Originally published in Insidermedicine
Second-generation antipsychotic drugs can produce unwanted weight gain and other metabolic effects among children and youths after only a few weeks, according to research published in the latest issue of the Journal of the American Medical Association.
Here is some information about second-generation antipsychotic drugs:
• Antipsychotics are drugs used to treat severe mental illnesses, including schizophrenia and bipolar disorder
• The second-generation antipsychotics differ from the earlier, first-generation drugs in that they produce fewer severe side effects, such as effects on movement
• Despite their improved side-effect profile, second-generation antipsychotic drugs can have troubling, unwanted effects
Researches from the North Shore-Long Island Jewish Health System in Glen Oaks studied changes in body composition and blood lipid levels among over 300 children and youths aged 4 to 19 embarking on a 12-week treatment period with one of four second-generation antipsychotic drugs. Among these participants, 272 had at least one health assessment after starting therapy, and 205 completed the study. Fifteen patients who did not adhere to their antipsychotic regimen served as a comparison group.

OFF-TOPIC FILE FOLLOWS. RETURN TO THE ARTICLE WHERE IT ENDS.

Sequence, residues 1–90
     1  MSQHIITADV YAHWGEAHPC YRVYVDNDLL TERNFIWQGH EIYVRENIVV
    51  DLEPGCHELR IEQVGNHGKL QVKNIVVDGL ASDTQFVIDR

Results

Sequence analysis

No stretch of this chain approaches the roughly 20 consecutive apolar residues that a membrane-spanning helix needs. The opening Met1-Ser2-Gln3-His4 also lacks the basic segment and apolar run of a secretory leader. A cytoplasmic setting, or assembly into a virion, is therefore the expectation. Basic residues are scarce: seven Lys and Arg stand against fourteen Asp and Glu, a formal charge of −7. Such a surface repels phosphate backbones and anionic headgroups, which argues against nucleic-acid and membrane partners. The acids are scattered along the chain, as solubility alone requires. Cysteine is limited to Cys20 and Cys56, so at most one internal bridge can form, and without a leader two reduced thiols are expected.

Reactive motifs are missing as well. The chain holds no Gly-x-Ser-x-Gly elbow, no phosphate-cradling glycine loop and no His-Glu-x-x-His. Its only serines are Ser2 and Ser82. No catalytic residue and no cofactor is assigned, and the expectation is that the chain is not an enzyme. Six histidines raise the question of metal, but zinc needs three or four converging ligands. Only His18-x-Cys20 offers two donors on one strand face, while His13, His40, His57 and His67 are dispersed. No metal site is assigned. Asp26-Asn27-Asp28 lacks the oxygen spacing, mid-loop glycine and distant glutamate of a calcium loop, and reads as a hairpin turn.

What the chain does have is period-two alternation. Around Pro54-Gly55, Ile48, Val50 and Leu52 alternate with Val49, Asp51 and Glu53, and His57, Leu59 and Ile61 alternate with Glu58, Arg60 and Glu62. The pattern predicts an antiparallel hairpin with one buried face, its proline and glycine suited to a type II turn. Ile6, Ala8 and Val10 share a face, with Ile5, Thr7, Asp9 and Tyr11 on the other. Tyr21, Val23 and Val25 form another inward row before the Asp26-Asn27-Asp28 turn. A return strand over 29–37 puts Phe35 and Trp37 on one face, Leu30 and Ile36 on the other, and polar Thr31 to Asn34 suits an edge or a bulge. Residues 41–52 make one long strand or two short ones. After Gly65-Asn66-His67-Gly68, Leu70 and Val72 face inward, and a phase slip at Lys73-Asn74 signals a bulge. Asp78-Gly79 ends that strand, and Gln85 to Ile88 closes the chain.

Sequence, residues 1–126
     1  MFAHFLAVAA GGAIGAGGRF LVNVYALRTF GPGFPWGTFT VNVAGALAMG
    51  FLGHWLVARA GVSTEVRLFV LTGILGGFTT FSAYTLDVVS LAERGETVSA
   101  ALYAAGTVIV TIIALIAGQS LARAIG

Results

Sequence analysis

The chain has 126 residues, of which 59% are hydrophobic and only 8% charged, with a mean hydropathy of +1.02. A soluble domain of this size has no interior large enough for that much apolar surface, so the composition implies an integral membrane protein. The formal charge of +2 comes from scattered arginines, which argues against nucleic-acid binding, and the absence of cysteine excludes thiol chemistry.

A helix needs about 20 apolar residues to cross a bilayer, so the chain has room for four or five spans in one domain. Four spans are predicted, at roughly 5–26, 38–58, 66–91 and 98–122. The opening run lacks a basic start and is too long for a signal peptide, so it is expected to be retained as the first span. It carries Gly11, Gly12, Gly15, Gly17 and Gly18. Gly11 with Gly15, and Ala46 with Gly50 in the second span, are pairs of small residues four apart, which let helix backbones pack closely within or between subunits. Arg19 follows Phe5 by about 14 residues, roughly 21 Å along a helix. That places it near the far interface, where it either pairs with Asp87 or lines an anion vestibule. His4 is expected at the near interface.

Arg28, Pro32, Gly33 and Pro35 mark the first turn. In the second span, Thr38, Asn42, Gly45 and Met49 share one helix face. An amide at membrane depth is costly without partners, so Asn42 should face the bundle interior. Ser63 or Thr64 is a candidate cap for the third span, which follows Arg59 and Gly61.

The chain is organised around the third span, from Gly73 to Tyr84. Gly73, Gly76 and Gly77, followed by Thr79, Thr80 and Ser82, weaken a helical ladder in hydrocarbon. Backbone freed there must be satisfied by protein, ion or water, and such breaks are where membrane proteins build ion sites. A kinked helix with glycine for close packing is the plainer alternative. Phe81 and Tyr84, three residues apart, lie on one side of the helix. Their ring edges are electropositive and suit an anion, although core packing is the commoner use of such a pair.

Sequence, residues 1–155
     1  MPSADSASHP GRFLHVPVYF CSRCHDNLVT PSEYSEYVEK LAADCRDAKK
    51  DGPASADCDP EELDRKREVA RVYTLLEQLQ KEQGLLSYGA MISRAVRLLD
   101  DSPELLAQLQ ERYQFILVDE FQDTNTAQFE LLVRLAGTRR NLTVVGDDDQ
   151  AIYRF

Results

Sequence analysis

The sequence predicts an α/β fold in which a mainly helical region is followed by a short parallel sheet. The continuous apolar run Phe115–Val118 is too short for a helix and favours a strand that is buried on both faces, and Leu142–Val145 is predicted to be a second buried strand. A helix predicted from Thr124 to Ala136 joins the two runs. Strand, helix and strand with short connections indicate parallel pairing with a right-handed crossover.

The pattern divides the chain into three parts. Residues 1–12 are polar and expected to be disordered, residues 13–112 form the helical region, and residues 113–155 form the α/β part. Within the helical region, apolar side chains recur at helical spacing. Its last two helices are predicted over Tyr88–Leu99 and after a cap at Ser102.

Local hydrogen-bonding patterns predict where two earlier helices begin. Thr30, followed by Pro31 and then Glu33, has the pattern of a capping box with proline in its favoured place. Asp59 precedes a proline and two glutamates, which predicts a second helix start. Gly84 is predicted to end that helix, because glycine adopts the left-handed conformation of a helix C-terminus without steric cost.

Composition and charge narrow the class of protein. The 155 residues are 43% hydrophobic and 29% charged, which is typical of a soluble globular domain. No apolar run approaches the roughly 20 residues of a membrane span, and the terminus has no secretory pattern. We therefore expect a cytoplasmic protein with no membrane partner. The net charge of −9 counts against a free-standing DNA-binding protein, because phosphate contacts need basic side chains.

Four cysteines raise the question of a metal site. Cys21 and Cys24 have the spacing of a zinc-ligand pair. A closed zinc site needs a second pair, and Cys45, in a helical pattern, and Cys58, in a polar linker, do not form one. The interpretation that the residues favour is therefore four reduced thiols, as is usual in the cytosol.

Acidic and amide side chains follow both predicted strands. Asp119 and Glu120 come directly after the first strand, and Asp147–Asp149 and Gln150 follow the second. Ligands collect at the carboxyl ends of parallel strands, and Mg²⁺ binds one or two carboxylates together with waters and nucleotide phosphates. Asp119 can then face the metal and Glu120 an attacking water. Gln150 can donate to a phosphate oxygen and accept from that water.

After an average of about 11 weeks of treatment, the participants had gained an average of 4.4 to 8.5 kg, depending on the drug they were taking. They also saw increases in their overall body fat composition and their waist circumference, both of which are recognized risk factors for cardiovascular disease. Two of the drugs – olanzapine and quetiapine – were associated with increases in total cholesterol, non-HDL cholesterol, and the ratio of triglycerides to HDL cholesterol. The drug risperidone was associated with increases in triglyceride levels.
Today’s research demonstrates that the benefits of second-generation antipsychotic drugs, which can be considerable, must be weighed against the potential negative impact on cardiovascular health. Young people taking these drugs should undergo regular cardiovascular health assessments. Never stop taking an antipsychotic drug without consulting your health care professional.